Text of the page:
The trial court ultimately granted defendant's motion for judgment on the pleadings. The trial court concluded that plaintiff's claim under the Labor Code was barred by the one-year statute of limitations for the recovery of a penalty prescribed by Code of Civil Procedure section 340, subdivision (a), and that plaintiff could not allege a cause of action under the Unfair Competition Law (UCL) because section 203 penalties are not recoverable as restitution under Business and Professions Code section 17203.

The court denied plaintiff leave to amend to substitute a new plaintiff in the first cause of action. Plaintiff filed a timely notice of appeal.

Discussion

1. Standard of Review

"The standard of review for a motion for judgment on the pleadings is the same as that for a general demurrer: We treat the pleadings as admitting all of the material facts properly pleaded, but not any contentions, deductions or conclusions of fact or law contained therein. . . . We review the complaint de novo to determine whether it alleges facts sufficient to state a cause of action under any theory." (Dunn v. County of Santa Barbara (2006) 135 Cal.App.4th 1281, 1298.)

2. Plaintiff's Claim for Penalties Under Section 203 is Barred by the Statute of Limitations

Section 202, subdivision (a) provides in relevant part: "If an employee not having a written contract for a definite period quits his or her employment, his or her wages shall become due and payable not later than 72 hours thereafter, unless the employee has given 72 hours previous notice of his or her intention to quit, in which case the employee is entitled to his or her wages at the time of quitting." Under section 203, "If an employer willfully fails to pay, without abatement or reduction, in accordance with Sections 201, 201.3, 201.5, 202, and 205.5, any wages of an employee who is discharged or who quits, the wages of the employee shall continue as a penalty from the due date thereof at the same rate until paid or until an action therefore is commenced; but the wages shall not continue for more than 30 days. . . . [¶] Suit may be filed for these penalties at any time before the expiration of the statute of limitations on an action for the wages from which the penalties arise." The statute of limitations on an action to recover unpaid wages under section 202 is three years. (Code Civ. Proc., § 338, subd. (a); Murphy v. Kenneth Cole Productions, Inc. (2007) 40 Cal.4th 1094, 1108-1109 (Murphy).) Plaintiff argues that the three-year statute of limitations is applicable to this action by virtue of section 203.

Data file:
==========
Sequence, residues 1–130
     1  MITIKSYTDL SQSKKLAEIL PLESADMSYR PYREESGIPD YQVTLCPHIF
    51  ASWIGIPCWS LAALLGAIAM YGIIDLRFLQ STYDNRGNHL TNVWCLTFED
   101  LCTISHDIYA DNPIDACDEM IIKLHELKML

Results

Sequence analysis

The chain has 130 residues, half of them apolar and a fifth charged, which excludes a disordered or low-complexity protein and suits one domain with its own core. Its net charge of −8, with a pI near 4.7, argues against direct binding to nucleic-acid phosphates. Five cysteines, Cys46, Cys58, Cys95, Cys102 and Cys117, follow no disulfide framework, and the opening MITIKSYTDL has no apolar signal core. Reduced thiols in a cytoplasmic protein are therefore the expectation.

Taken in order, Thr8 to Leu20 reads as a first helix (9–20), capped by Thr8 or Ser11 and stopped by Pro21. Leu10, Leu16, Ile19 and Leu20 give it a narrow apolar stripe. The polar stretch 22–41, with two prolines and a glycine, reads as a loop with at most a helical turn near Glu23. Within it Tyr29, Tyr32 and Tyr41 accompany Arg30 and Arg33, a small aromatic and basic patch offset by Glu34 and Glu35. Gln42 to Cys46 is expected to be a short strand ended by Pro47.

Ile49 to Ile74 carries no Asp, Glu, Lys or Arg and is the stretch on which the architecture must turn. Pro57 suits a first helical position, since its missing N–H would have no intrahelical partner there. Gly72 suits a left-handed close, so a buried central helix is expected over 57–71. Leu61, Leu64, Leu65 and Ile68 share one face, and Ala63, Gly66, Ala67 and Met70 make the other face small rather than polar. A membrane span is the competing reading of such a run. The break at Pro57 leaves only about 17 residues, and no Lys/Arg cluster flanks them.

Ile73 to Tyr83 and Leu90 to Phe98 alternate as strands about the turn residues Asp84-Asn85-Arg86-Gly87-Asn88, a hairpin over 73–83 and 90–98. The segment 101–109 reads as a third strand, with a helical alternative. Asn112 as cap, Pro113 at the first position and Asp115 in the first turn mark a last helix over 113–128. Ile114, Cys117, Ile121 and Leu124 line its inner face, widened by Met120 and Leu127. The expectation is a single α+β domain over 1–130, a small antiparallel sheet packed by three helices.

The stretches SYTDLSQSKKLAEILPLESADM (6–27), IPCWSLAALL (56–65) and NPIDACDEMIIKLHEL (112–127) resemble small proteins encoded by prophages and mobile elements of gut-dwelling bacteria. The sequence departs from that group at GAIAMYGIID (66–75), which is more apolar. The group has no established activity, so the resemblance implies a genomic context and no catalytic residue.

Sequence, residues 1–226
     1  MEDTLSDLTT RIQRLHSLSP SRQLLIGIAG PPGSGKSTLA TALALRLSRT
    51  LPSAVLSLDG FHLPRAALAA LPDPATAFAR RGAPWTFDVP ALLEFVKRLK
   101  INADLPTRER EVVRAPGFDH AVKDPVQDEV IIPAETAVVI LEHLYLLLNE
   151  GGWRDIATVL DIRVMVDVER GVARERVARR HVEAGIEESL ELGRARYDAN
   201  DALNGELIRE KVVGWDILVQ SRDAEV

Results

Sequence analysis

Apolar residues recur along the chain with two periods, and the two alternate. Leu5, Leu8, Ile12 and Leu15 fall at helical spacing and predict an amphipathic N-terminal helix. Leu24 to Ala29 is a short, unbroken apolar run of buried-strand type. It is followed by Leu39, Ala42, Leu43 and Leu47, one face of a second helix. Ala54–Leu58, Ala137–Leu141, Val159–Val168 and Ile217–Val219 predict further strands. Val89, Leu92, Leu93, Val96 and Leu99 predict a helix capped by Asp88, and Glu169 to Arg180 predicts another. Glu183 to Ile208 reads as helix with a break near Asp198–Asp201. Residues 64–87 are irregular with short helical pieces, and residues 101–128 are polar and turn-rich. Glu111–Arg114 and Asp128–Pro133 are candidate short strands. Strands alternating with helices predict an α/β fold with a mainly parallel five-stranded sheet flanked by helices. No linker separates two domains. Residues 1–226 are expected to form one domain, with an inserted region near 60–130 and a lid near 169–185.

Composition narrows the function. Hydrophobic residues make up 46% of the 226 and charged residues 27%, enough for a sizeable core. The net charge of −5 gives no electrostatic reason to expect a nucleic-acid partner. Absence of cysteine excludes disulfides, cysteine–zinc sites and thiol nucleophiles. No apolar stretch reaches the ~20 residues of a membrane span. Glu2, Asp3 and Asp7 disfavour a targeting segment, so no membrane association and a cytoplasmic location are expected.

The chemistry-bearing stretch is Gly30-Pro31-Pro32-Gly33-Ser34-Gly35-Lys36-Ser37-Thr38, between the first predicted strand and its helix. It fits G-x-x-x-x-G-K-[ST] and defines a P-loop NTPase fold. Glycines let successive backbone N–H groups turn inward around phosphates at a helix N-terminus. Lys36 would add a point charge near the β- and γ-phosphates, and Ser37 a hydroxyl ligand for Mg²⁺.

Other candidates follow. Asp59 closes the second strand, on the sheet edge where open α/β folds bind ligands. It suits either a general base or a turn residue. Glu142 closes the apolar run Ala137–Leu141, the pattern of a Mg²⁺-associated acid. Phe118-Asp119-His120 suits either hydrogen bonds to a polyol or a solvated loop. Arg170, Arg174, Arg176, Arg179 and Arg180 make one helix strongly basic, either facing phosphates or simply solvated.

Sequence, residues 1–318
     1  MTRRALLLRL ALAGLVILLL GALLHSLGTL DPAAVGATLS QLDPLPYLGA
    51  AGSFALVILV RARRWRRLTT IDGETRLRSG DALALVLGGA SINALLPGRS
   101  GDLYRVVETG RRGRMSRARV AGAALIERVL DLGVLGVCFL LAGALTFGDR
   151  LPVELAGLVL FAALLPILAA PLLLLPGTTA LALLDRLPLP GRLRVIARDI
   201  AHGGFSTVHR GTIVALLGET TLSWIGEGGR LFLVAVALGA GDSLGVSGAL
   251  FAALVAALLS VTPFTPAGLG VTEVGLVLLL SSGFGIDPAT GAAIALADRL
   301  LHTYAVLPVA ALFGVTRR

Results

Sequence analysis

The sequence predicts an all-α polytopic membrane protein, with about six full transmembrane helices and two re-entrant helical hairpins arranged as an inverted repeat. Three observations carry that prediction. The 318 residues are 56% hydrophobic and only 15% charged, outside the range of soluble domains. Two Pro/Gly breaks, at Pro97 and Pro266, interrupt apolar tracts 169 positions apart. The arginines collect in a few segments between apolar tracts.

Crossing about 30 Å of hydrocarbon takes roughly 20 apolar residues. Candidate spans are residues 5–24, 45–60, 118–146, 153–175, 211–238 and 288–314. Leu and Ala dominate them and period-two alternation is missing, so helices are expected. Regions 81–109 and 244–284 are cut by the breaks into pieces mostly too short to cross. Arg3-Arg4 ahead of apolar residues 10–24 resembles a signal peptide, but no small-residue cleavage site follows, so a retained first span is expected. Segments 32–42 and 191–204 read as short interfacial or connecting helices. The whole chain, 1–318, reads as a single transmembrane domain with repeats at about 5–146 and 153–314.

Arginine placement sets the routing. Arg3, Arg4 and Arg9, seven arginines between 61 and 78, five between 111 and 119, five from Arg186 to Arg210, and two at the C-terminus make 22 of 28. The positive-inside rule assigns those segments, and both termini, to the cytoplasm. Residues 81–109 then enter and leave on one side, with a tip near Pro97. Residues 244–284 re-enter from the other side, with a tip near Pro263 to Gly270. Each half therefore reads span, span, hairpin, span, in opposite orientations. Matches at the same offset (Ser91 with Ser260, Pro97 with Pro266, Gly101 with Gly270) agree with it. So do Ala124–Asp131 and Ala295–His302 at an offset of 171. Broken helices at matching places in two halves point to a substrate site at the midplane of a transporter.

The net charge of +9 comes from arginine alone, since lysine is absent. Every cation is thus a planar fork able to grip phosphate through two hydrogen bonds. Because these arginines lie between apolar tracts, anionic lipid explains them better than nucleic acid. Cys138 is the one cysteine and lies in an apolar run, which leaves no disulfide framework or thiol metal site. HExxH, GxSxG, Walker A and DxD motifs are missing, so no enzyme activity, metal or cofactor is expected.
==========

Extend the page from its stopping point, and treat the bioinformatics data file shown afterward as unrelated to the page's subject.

In McCoy v. Superior Court (2007) 157 Cal.App.4th 225, 233 (McCoy), the court held that the extended statute of limitations set forth in section 203 applies only if the penalties are sought in conjunction with an action for the unpaid wages. If the action seeks to recover only waiting time penalties under section 203, the one-year statute of limitations found in Code of Civil Procedure section 340, subdivision (a) applies. Code of Civil Procedure section 340, subdivision (a) sets forth a one-year statute of limitations for "[a]n action upon a statute for a penalty or forfeiture, if the action is given to an individual . . . except if the statute imposing it prescribes a different limitation."

Section 203 is a "statute for a penalty" within the meaning of Code of Civil Procedure section 340, subdivision (a). (Murphy, supra, 40 Cal.4th at p. 1108 ["section 203 establishes that the unpaid wages continue to accrue as ...


Buy This Entire Record For $7.95

Download the entire decision to receive the complete text, official citation,
docket number, dissents and concurrences, and footnotes for this case.

Learn more about what you receive with purchase of this case.